On Friday at 8:30 AM ET, the BLS will release the employment report for February. The consensus is for 148 thousand jobs added, and for the unemployment rate to increase to 6.4%.
This graph shows the job losses from the start of the employment recession, in percentage terms.
The current employment recession is by far the worst recession since WWII in percentage terms, and is still worse than the worst of the “Great Recession”.
• ADP Report: The ADP employment report showed a gain of 117,000 private sector jobs, below the consensus estimate of 168 thousand jobs added. The ADP report hasn’t been very useful in predicting the BLS report, but this suggests the BLS report could be weaker than expected.
• ISM Surveys: The ISM® manufacturing employment index increased in February to 54.4%, from 52.6% in January. This would suggest essentially approximately 5,000 manufacturing jobs added in February. ADP showed 14,000 manufacturing jobs lost.
The ISM® Services employment index decreased in February to 52.7%, from 55.2% in January. This would suggest around 145,000 service jobs added in February. Combined, the ISM surveys suggest around 150,000 private sector jobs added in February. The ISM surveys haven’t been as useful as usual during the pandemic, but this suggests the report could be close to the consensus.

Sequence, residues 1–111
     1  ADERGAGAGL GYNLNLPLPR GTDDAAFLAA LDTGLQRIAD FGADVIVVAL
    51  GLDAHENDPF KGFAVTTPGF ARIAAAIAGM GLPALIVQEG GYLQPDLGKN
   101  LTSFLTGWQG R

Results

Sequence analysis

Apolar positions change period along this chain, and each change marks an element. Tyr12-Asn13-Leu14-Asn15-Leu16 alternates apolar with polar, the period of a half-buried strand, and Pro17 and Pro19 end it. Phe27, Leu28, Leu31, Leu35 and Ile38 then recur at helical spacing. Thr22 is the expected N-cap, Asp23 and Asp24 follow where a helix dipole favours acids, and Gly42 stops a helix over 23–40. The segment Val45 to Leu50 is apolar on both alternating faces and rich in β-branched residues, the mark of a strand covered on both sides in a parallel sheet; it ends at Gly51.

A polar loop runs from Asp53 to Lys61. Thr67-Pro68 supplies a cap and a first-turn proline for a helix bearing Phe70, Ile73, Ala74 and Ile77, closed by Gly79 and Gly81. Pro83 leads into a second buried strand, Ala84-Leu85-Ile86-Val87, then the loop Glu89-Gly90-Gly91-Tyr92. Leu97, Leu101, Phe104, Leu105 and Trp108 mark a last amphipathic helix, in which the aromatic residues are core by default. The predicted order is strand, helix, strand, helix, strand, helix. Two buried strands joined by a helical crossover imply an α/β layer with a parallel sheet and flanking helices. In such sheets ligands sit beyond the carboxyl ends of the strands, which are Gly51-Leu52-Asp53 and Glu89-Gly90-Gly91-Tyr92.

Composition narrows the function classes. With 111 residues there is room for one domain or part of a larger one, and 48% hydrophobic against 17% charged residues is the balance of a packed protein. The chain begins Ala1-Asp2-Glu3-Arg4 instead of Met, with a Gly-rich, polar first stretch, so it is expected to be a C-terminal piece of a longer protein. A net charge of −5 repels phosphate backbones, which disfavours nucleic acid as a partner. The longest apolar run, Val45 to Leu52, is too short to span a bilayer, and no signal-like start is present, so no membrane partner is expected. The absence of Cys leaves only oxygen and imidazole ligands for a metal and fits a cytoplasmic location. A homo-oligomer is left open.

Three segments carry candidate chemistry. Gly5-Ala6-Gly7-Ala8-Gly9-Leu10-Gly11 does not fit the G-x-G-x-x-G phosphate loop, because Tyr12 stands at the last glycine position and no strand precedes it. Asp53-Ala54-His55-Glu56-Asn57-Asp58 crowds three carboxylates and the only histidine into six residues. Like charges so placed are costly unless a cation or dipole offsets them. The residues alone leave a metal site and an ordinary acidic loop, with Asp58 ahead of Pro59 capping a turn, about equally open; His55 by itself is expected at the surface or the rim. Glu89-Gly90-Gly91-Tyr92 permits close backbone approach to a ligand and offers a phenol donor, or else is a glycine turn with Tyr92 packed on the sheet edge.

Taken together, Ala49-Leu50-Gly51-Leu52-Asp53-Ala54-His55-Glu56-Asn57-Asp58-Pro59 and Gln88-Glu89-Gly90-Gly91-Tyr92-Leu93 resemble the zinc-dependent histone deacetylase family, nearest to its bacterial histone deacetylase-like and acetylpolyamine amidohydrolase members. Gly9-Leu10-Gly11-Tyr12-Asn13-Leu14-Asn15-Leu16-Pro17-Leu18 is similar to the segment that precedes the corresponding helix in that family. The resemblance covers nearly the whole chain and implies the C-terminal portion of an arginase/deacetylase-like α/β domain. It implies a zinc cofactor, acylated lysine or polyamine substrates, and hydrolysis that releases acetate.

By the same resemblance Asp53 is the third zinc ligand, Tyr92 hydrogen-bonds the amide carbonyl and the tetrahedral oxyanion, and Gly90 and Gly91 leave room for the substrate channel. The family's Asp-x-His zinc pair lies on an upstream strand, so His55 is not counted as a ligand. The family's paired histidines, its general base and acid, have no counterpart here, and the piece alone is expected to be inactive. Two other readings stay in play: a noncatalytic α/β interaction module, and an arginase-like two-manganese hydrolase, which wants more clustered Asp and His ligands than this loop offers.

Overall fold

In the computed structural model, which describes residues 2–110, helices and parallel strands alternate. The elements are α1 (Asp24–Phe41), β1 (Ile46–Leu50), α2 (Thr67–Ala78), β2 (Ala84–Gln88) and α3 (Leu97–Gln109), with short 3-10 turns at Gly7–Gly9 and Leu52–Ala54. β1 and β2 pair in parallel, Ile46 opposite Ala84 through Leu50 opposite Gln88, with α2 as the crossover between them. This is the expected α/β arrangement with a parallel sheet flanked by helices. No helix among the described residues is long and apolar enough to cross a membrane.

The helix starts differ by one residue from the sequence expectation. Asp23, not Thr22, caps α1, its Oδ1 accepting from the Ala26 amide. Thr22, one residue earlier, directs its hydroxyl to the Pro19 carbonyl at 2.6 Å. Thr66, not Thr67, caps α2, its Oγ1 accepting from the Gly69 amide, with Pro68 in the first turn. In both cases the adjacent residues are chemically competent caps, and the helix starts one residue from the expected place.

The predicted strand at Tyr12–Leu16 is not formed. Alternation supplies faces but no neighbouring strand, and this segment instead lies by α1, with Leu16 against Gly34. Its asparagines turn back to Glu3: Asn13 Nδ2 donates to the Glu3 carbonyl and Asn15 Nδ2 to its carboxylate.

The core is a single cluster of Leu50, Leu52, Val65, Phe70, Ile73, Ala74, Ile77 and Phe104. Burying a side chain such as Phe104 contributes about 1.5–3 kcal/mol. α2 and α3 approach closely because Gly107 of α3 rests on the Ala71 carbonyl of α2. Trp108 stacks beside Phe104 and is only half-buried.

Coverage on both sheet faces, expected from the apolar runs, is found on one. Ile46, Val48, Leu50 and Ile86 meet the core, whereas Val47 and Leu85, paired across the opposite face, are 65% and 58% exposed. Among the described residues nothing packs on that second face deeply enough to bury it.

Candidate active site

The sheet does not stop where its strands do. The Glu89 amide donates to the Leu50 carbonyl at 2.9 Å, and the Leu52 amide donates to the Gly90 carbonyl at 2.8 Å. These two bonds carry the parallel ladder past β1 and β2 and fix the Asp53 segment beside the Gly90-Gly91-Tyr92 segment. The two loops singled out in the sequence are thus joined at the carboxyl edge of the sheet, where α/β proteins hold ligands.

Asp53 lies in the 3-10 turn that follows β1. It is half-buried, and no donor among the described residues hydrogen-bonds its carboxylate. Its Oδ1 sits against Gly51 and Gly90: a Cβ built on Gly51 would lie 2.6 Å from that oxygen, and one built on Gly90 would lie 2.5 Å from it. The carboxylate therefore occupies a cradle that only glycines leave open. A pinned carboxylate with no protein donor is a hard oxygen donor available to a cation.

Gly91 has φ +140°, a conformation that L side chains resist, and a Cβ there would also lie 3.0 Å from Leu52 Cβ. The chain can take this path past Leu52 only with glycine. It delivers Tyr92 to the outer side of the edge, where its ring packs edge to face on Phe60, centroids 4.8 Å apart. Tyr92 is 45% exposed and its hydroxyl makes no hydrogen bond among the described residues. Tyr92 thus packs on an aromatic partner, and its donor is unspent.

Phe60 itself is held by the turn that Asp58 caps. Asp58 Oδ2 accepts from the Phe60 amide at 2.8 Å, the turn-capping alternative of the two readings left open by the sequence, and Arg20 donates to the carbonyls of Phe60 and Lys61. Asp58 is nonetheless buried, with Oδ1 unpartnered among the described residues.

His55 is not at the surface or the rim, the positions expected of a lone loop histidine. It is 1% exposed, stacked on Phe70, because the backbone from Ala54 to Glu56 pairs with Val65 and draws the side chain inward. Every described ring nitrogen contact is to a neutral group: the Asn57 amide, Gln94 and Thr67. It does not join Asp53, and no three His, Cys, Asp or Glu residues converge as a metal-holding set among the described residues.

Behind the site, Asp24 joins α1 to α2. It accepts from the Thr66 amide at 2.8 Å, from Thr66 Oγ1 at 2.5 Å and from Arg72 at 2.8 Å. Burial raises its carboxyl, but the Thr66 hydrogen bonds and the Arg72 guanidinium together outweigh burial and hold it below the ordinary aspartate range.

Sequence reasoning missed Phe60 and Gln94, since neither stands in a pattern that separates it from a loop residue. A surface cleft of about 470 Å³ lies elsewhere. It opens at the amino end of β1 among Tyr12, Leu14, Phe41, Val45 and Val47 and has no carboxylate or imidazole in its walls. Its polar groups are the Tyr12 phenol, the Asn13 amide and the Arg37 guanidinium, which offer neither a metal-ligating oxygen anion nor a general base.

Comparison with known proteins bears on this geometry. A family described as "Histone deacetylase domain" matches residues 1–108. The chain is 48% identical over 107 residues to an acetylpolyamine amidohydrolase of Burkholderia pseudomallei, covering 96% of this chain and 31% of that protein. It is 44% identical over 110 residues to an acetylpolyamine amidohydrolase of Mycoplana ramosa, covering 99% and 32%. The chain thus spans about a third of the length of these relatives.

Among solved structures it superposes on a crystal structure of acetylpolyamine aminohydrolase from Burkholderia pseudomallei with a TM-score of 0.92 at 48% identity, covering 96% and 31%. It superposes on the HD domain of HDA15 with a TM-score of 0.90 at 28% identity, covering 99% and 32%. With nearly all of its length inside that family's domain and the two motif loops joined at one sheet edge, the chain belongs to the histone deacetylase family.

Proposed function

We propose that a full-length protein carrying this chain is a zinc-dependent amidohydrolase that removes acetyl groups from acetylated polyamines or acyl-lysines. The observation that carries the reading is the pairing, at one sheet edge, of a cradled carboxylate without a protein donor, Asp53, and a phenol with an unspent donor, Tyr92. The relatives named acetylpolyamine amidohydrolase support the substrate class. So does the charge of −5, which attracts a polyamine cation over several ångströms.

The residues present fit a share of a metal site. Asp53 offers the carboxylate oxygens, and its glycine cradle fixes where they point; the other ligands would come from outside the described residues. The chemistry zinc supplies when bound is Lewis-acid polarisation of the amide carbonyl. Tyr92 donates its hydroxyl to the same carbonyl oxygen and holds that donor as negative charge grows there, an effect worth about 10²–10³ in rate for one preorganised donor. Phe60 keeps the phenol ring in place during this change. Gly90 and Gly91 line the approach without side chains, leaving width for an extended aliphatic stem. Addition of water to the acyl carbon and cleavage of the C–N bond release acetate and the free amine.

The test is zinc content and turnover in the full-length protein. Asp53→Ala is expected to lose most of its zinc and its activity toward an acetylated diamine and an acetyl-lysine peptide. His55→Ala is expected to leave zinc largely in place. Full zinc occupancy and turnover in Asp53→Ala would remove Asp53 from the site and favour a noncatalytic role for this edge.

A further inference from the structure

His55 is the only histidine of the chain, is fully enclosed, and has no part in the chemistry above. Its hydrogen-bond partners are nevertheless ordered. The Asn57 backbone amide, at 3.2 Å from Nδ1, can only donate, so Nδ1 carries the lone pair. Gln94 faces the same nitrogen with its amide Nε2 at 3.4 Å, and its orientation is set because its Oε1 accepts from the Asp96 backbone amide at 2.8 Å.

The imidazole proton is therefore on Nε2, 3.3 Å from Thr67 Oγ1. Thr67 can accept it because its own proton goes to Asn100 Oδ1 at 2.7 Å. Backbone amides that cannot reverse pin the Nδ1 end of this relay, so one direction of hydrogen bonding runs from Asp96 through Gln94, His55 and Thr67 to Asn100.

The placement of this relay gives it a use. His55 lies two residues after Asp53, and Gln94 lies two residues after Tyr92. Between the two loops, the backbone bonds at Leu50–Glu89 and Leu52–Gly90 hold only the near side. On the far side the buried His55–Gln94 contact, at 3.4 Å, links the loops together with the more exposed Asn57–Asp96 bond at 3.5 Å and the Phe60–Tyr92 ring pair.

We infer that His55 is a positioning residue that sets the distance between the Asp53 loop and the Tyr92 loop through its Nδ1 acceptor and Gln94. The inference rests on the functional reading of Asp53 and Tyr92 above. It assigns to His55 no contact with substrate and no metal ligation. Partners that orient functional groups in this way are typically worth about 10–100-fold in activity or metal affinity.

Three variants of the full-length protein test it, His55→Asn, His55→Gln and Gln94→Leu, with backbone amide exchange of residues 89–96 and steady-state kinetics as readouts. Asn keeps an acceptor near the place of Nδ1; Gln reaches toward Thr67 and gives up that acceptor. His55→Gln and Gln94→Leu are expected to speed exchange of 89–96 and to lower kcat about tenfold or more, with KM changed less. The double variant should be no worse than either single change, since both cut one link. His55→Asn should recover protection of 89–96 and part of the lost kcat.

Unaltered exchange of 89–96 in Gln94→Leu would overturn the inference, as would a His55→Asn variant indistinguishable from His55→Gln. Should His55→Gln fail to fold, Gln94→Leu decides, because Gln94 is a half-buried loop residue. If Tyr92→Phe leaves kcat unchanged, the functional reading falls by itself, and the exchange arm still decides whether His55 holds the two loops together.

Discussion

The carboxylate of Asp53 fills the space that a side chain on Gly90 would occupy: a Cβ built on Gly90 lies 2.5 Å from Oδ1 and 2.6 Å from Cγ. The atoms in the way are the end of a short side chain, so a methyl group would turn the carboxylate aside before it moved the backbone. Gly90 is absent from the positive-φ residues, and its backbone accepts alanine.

• Unemployment Claims: The weekly claims report showed a high number of initial unemployment claims during the reference week (include the 12th of the month), although this might not be very useful right now. If we did a “Rip Van Winkle”, and saw the weekly claims report this morning, we’d think the economy was in a deep recession! In general, weekly claims have been close to expectations.
• Weather: Weather is a wildcard every year during the winter. A harsh winter can lead to a weak jobs report, and the weather in February 2021 was especially harsh. However, most of the extreme weather was after the BLS reference week (the major winter storm started on the 13th). After the report is released, the SF Fed will update their Weather-Adjusted Employment Change
This graph shows permanent job losers as a percent of the pre-recession peak in employment through the December report.
This data is only available back to 1994, so there is only data for three recessions. In January, the number of permanent job losers increased to 3.503 million from 3.370 million in December.
• Conclusion: Most of the indicators suggest a stronger report in February than in January (only 49 thousand jobs were added in January). My guess is the report will be close to the consensus (weather is a wildcard).